But there are others.
Sometimes even within the same practice, with a likelihood of being on call.
Sometimes relieving your nurse for a lunch break or shift change.
You can't just go in with blind faith.
Perhaps you are planning an out of hospital birth so you don't have to deal with all this. Unfortunately we can not guarantee that there will not be a transport for an emergent, or non-emergent reason. Some of the best birth centers I've had the pleasure of working in, transport roughly 10% of the time. Sometimes it's patient choice, mostly driven by a precaution, almost never an emergency.
Perhaps you are seeing midwives in the hospital in an attempt to walk the line, but obstetricians get called in to offer opinions regularly and can easily step in if "it is in the best interest of you or baby"...which is unfortunately rather subjective, and certainly could be driven by an agenda.
In my curriculum, Expecting Kindness, which can be found here at http://www.expectingkindness.com as well as in my classes, see class schedule here --->
I have worked hard to prepare families for the uncomplicated, healthy, birth process, which is the most likely outcome! Additionally, I have included a healthy dose of skepticism and provided a road map to help you navigate the hospital environment, whether you have chosen to birth there, or have been transported for some reason. Even if there is a need for SOME degree of intervention, that doesn't mean we have to just roll over and give all our power to the money machine. I can't tell you how many births I've attended, or had my students report back to me, in which there had to be some concession, but didn't require massive intervention.
Two of my most recently attended births were transports, one from home and one from a birth center, and neither required much intervention at all. One was just geography, the other involved a baby bit of pitocin and a delivery within an hour. The doc even admitted that the pitocin was likely an irrelevant factor, baby had (finally) moved down and the pressure was bringing more contractions.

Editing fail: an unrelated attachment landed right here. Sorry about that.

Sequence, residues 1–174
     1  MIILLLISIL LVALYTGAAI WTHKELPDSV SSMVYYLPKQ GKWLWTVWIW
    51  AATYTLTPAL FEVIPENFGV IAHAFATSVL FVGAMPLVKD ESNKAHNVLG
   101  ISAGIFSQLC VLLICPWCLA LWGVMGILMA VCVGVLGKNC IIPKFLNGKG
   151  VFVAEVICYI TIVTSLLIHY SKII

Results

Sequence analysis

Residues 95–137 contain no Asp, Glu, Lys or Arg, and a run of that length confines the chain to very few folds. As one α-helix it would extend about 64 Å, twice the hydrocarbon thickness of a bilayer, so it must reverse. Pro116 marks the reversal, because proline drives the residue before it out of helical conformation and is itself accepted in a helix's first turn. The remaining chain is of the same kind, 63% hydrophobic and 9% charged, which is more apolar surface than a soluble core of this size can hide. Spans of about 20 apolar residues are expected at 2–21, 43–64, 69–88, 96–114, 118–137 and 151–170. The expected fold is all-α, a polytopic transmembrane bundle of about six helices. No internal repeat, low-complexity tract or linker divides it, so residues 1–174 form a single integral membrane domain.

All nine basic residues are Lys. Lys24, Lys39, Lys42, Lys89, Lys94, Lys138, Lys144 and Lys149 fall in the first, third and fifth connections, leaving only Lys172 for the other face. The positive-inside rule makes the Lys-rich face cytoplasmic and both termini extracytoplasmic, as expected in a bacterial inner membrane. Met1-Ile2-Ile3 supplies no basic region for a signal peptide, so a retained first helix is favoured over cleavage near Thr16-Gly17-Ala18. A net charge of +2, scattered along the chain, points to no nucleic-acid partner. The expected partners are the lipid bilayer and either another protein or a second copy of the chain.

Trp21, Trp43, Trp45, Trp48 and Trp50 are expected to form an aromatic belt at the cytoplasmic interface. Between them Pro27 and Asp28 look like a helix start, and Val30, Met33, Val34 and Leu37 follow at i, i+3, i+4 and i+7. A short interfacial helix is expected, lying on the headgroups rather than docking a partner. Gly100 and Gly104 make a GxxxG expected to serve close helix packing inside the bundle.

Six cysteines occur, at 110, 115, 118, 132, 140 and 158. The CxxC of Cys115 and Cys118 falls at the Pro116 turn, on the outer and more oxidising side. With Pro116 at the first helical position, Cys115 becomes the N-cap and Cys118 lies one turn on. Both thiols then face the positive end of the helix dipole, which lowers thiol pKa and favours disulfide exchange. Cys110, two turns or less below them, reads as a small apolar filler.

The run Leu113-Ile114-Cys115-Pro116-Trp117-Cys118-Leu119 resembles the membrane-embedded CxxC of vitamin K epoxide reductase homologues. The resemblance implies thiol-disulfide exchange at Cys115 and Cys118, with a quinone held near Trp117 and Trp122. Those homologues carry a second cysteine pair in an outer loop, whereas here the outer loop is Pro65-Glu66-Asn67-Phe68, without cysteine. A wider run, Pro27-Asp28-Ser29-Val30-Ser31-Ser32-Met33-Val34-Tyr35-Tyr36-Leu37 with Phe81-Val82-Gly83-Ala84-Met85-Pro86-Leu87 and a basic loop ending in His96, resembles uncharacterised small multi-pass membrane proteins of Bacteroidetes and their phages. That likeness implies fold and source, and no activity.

This concept, challenging "authority", also known as learning to provide informed consent, will be a very important skill to master as you raise your family. From newborns into infancy, infants to toddlerhood, your toddler through childhood, and child(ren) through adolescence and even into adulthood. You will use this skill to take care of yourself, your child(ren), your parents, siblings, friends, etc. You will need to challenge a wide variety of healthcare providers to prove to you that the course of action they are prescribing is in the best interest of the HUMAN BEING, and not the BOTTOM LINE. You will need to verify that the prescribed course of action has been thoughtful and thoroughly evaluated, not just protocol or habit.
Pregnancy and birth can be a wonderful opportunity to start your parenting career in a way that raises the bar for your contracted health care professionals and empowers you to challenge, command respect, and place great value in your role of protector and primary CARE giver.
Planning a birth in the Pacific Northwest? Come see me! We have a lot of fun in my classroom learning about all this, activities and birth stories, labor support practice and open discussion are the cornerstone of my course. Combined with the published workbook, it's a fun, interactive and very informative course.
Not local? Purchase Expecting Kindness via the website above to use the curriculum in the privacy of your home. (Don't take my word for it, browse reviews) or through amazon at http://www.amazon.com/Expecting-Kindness-Kristin-Dibeh/dp/1939275040